04 Oct Rewriting or Editing or Proofreading?
*WHAT YOU WANT AND WHAT IS THAT YOU REALLY NEED?*
When you ask the proofreader to proofread your text, what is it you expect? What do you think you need?
Proofreading, editing, and revising/rewriting are not the same.
All the text is considered. Does the text fulfill its purpose? Does it speak to the intended audience? Does it have the right tone and level of language? Are the ideas sufficiently developed or is more evidence needed? Are the relationships between ideas coherent?
Revising/rewriting often involves recrafting sentences, reorganizing paragraphs, removing or adding content, polishing style, harmonizing word use, turning passive voice into active voice, hunting down glue words, cleaning up overwriting and word repetitions.
Rewriting is often harder than working on a first or second draft of the text itself. It is also a non-negotiable necessary step to transform an acceptable piece into a publishable one.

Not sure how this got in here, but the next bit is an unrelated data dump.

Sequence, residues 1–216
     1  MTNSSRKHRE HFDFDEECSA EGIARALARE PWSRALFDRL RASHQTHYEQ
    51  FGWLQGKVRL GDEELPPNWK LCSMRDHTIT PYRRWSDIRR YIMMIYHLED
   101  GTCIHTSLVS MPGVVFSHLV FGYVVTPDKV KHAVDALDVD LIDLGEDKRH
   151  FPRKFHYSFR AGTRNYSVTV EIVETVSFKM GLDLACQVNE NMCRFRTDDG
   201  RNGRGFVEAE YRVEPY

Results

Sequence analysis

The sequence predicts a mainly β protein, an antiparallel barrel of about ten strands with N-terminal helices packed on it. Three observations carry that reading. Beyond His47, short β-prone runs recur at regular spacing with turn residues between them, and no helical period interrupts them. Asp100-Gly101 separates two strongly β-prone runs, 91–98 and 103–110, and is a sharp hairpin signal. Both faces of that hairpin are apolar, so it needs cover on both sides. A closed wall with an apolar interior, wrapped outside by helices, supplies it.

Editing takes place after revision/rewriting and at the sentence (at most paragraph) level. You check on spelling, grammar, punctuation, and word choice issues. You check whether transitions between paragraphs flow. You make sure the text has a fitting overall structure (including introduction and conclusion), that each paragraph has a topic sentence, and the text flows in harmonious style.
This is the last step before publication: the hunt for surface errors. You are looking for lingering misspellings, grammatical errors, and punctuation mistakes. You are not paying attention to content, style, or meaning.
Rarely do you spot all problems in one go. Proofread on screen. Then proof on paper. For the supreme test? Proof the text backwards.
The Long Road to Getting Published:
WRITING > REWRITING > EDITING > PROOFREADING > PRINTING > PUBLISHING